Top 5 Wednesday: Books I Liked with Tropes I Hate

This top five was hard for me. Not because I don’t read books with tropes, but because I don’t usually mind tropes. After all Harry Potter has about every trope known to man involved and it was maybe the best series of books ever. So after much brainstorming here are five books that have tropes that might make me roll my eyes.

Midnight in the Garden of Good and Evil by John Berendt

Love at First Sight

[Contains spoilers that are inconsequential to overall plot] I’m currently in the middle of this book and am liking it more than I thought I would. It’s a nonfiction book, which I didn’t realize when I bought it, but it doesn’t read like nonfiction. I’m not sure if it’s the author’s writing style or if it’s a little embellished, but I am enjoying it. The trope comes into play in a single chapter that involves love at first sight, which is usually a trope I don’t like. I didn’t mind it here because that love doesn’t work out. In fact, it goes terribly wrong very quickly.

Rat Queens by Kurtis Wiebe

Four Girl Ensemble

This is a great series so far. I’ve read the first three volumes and am going to get more. This fantasy comic series follows a group of four girls. Hannah, the outgoing troublemaker, Violet, the tomboy, Betty the sweet but naive girl, and Dee, the smart one or mom of the group. This trope can be poorly done. If the characters aren’t well developed they can become walking stereotypes. It can also be the basis for a dynamic group if the characters are developed deeply enough, which I feel is the case in Rat Queens.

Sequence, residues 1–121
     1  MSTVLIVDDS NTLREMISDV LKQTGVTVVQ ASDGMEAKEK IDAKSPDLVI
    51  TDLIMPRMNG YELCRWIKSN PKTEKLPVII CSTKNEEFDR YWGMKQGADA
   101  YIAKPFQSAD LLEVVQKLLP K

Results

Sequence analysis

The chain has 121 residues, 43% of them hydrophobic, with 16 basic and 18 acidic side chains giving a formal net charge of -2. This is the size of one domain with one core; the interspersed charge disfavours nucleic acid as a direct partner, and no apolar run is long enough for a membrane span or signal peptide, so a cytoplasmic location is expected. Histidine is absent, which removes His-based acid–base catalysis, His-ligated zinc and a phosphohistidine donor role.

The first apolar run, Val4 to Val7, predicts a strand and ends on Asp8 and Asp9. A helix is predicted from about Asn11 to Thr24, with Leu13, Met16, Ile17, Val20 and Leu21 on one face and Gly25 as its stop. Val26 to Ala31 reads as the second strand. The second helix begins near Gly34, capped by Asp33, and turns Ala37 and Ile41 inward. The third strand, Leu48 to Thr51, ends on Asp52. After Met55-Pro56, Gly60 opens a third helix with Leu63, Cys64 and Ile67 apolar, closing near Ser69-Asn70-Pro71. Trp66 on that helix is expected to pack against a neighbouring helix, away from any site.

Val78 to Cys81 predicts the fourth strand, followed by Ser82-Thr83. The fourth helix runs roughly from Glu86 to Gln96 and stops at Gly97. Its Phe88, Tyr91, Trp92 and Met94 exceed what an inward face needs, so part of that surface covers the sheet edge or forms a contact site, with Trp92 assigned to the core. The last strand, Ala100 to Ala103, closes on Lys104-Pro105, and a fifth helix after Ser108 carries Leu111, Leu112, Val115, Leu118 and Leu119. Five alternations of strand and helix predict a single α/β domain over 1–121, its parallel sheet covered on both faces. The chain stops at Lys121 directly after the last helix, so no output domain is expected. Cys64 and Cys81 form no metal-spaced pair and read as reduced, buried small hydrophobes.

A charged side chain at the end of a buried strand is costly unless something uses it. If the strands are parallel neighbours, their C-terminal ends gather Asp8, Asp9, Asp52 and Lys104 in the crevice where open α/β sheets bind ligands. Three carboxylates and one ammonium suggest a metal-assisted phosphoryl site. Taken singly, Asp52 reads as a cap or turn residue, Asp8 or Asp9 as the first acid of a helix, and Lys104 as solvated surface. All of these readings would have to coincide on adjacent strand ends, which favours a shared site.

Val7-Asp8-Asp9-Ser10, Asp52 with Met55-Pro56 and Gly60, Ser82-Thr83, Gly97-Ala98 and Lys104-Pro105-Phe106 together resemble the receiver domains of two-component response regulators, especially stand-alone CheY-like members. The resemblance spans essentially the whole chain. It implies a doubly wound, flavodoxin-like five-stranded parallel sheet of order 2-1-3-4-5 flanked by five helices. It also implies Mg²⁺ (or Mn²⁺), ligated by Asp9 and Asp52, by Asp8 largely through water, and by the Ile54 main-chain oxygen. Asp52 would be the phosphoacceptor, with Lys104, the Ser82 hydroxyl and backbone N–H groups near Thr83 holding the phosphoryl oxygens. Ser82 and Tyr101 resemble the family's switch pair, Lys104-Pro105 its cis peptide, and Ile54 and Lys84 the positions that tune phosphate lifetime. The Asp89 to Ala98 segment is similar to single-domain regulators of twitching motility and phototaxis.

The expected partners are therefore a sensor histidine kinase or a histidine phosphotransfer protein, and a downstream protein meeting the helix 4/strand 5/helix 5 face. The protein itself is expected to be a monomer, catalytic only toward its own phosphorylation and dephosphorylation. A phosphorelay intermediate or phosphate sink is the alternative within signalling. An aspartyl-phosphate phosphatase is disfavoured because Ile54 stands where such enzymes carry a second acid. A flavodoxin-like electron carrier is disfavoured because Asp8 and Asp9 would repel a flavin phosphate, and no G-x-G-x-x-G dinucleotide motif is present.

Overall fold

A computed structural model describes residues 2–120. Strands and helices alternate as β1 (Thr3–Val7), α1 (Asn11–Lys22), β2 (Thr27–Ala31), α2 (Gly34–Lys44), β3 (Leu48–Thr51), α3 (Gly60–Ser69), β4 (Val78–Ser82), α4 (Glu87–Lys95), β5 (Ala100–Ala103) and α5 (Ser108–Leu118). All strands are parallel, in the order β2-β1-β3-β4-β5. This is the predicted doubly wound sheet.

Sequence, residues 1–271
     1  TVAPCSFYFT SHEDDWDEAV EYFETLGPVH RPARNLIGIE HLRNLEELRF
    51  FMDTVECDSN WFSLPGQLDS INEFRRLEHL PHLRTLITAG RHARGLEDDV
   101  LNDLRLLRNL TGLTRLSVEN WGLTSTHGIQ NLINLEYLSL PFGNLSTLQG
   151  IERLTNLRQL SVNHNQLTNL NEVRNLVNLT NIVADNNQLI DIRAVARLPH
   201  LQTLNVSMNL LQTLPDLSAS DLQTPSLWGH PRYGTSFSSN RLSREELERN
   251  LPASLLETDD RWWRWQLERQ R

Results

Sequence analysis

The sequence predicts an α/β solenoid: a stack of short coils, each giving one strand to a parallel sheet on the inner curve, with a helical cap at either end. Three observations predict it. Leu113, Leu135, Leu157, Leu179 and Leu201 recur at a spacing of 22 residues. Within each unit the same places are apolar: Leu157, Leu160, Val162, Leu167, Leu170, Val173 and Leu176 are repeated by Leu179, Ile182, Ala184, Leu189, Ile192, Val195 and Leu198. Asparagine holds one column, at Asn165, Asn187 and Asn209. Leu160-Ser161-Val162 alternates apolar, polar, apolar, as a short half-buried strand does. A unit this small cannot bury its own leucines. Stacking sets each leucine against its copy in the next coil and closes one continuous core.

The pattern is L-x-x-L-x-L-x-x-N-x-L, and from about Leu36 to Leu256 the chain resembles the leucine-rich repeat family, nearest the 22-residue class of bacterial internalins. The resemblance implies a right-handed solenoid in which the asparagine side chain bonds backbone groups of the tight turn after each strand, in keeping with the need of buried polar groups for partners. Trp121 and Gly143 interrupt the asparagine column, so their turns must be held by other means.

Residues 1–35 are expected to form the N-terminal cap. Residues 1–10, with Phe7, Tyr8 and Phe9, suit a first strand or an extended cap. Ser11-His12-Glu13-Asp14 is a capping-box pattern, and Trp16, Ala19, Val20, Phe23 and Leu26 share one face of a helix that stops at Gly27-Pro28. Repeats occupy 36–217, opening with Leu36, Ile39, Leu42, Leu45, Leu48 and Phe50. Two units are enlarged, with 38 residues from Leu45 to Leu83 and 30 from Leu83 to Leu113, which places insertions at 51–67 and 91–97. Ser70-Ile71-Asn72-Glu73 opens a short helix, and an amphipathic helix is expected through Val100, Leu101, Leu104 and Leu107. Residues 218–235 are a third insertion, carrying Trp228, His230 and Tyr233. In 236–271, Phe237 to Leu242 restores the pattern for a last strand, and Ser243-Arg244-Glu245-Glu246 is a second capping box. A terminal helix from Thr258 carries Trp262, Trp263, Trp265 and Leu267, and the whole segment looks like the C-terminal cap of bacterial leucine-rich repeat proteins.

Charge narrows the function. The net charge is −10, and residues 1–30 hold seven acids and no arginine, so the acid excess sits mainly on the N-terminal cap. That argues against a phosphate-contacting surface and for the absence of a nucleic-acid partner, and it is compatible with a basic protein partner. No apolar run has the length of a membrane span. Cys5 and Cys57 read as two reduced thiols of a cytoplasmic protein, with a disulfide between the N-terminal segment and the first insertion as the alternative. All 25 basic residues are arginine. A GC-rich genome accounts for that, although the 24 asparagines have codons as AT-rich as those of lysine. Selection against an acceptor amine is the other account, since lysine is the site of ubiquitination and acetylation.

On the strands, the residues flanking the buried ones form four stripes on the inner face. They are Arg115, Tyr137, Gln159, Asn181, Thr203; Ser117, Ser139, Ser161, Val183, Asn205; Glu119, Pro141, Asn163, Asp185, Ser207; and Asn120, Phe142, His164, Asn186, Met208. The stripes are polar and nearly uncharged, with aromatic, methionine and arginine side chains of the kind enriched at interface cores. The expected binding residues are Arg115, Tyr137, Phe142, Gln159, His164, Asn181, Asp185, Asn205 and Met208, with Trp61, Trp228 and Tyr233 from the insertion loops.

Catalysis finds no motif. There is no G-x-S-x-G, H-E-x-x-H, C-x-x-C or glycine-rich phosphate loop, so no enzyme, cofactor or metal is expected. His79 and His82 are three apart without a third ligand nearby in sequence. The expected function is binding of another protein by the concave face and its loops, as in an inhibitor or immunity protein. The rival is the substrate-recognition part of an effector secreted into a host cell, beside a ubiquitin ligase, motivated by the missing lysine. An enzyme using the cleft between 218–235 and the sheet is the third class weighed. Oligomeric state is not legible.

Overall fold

A Walk in the Woods by Bill Bryson

Dopey Sidekick

It’s odd to think about character stereotypes in nonfiction works, but they do happen. A walk in the woods follows Bryson and his old friend Katz as they attempt to through hike the Appalachian trail. Katz is characterized as being the dopey, somewhat useless sidekick. He’s woefully unprepared and has no idea what he’s getting into. In fiction this character would usually be inserted for comic relief. In nonfiction it’s possibly a result of not being able to portray a character deeply enough because you have limited point of view and can’t be inside their head.

Whiskey Words and a Shovel by R.H. Sin

Overdramatic Angst

This is an odd book for me. When I first finished it I gave it 4/5 on Goodreads. I love short poetry and I felt a lot of emotion behind the words here. Then I went back and read some of the reviews, and wow it gets a lot of hate! Mostly hate from people who take issue with how the author talks about women, or people who found it whiney and angsty. After reading those reviews I completely see their point. I didn’t change my rating because I try not to let time away from a book cloud what my gut feeling was when I finished it.

I Hate FairyLand by Skottie Young

Gore for the Sake of Gore

This entire comic series is gore for the sake of gore, but that’s okay because it’s the most adorable gore you’ve ever seen. I love the artwork in these comics. The story is good too, in the first volume at least. Gert got sucked into FairyLand when she was ten. She was given a (supposedly) easy quest to find a key to get home. Now 27 years later she’s a 37 year old stuck in a 10 year old’s body in FairyLand and boy is she pissed about it. This one probably isn’t for kids, even if the gore is adorable and the worst language you’ll see is a big “Fluff you!”

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